Contemporary Art Services Tasmania April 6 - 29 2001
The Shed is an immediately accessible exhibition curated by Sean Kelly and Jessica Ball. This show focuses on the activities that men get up to in their sheds and displays those obscure and eccentric objects that emerge at the end of obsessive days, weeks and months of solitary tinkering.
Gaston Bachelard equates such places with the recesses of the unconscious. They are the domain of those, as yet unformed ideas, unencumbered by analyses and the strictures of language. They are places of exploration where the forces of creativity are unleashed in an effort to make sense of consuming conundrums that busy the mind. Most importantly the space typified by the shed is a place of solitude and daydreams. Like the cellar it is "...the dark entity of the house, the one that partakes of subterranean forces. When we dream there, we are in harmony with the irrationality of the depths." (The Poetics of Space 1994)
For anyone visiting this exhibition the sentiments of Bachelard's 'dark entity' are immediately apparent. The exhibition is set in a confining black box, rather than the usual austere white. The result is an impressive staging reminiscent of the confined and gloomy spaces of domestic sheds and basements, those makeshift domains that are traditionally the refuge of men, but also women with fanatical and consuming projects.
For many who viewed this exhibition on opening night, it was Battle Fleet 2000/2001 by Adam Cuthbert, a cardboard model of an aircraft carrier and attendant destroyer that immediately dominated the show. Like many others, I was transported back to a time of marvel, when plastic Airfix kits of Lancaster bombers, Spitfires, and Messchesmitts, suspended from my bedroom ceiling, engaged in imaginary battle with a flotilla of the Ark Royal, the Bismark, and even the QE2 cruising the length of my window sill. Cuthbert has exploded the scale to one that is beyond the capacity of any boy's window sill. This huge cardboard aircraft carrier floats about half a meter from the ground and is bristling with detail. The deck is cluttered with World War II style twin-engined light bombers and fighter planes, some in readiness for takeoff, others in stowage with wings bent at the elbow. Closer inspection reveals that a number of the cockpits, and ships' stations are manned by small liquorice coloured plasticine men. This oversized cardboard model challenges our notions of sculpture by its sheer presence; it is of a scale that takes it from the world of plastic models and locates it clearly into the realm of sculptural objects.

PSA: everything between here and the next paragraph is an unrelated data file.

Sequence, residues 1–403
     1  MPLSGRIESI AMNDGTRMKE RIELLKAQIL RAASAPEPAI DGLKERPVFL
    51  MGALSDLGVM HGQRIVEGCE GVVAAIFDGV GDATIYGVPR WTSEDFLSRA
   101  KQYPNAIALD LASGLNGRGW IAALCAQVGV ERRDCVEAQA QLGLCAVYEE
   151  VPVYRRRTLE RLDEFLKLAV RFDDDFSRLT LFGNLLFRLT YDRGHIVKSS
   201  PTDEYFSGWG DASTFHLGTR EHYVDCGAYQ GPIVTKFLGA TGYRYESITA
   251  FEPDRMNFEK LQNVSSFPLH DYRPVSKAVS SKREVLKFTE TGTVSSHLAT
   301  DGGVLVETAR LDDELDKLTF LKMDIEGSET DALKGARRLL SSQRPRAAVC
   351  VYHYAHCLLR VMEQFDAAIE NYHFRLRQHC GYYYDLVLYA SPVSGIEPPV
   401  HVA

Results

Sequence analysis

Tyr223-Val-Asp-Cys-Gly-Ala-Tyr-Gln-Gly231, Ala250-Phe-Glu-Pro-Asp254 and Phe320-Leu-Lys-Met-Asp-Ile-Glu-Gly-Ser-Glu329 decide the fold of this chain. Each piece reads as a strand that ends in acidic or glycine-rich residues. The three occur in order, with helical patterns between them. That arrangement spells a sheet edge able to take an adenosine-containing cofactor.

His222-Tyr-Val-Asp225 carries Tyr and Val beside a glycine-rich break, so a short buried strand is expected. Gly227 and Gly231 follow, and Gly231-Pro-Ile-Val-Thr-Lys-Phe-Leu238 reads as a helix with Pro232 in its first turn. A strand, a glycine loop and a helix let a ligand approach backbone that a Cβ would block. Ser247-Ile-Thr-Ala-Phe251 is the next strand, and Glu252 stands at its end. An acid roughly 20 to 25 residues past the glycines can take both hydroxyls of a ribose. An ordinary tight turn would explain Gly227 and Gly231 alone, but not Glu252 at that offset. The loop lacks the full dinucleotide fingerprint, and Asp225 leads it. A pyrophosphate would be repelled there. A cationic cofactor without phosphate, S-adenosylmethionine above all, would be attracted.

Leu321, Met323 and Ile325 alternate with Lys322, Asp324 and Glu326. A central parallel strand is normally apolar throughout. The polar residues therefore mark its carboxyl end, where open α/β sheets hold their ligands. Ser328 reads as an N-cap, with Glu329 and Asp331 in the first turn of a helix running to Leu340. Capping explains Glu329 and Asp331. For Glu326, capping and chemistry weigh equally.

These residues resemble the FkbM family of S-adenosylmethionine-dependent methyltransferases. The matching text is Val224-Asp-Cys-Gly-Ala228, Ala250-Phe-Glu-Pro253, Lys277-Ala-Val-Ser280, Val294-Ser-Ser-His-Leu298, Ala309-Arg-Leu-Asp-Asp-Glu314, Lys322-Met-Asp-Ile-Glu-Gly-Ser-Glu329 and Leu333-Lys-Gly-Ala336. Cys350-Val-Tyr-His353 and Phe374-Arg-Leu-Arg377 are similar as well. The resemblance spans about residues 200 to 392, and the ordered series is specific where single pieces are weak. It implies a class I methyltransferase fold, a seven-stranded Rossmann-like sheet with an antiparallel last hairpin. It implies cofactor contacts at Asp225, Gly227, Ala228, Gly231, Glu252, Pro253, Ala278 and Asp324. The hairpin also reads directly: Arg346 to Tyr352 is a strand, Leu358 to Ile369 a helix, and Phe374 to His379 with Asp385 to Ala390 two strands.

Unlike the other sculptural pieces in this show Battle Fleet is neither nailed to the wall nor presented on a plinth; it is instead floating above the floor and as such is loaded with the power of implied movement.
On the opposite wall is Gregan Mannix's threefold play with the fetishistic allure of mantlepiece trinkets and cleaning products. In Preenly Black, Mannix, seems to invoke the spectre of race by juxtaposing three porcelain black cats with a well known stain remover that claims to remove 'tough persistent stains'. But for me it was Sharyn Woods' D.I.Y. that summarised this playful section of the show. This piece takes the form of one of those tool hanging boards, with nails and inked outlines to hang the right tool in the right place. Lit like a domestic shrine this exhibit responds with a hallowed glow. Woods has given these organising boards and the tools they frame a new dimension by replacing the usual dull but carefully designed handles with luminescent resin that swirls with rainbow colours, like oil on a wet road.
Through the arc of Fred Fisher's giant red tick, simply titled Tick , the character of the show shifts from the playful to the eccentric. Here we find a Device To Express the Problem of Detecting Cosmic Gravity Waves from sculptor Colin Langridge. This skeletal structure consists of two coopered frames, suspending a rectangular wooden trough each, from steel wire; the two components connected by coiled copper piping. This device resonates with musings of Leonardo da Vinci and attracts the same incomprehension that must have befallen the Renaissance master's design for a flying machine.
As if denying the speculation of Langridge's device is Shaun McGowan's Demographia, a study of population disbursement. This exhibit consists of small wax figures, measuring no more than a couple of inches each. Identical in form but multiple in complexion they march down the black wall hand in hand in tight formation, like a swarm of well-drilled drones along a still steaming bitumen road. There is also Greg Bourke's Test Vehicles, a trio of carpet crawling prototypes, Ross Dalwood's De Stijl-inspired working foam saw, and fine contributions from Johnnie Arnold, Andy Jones, and Leigh Burnett.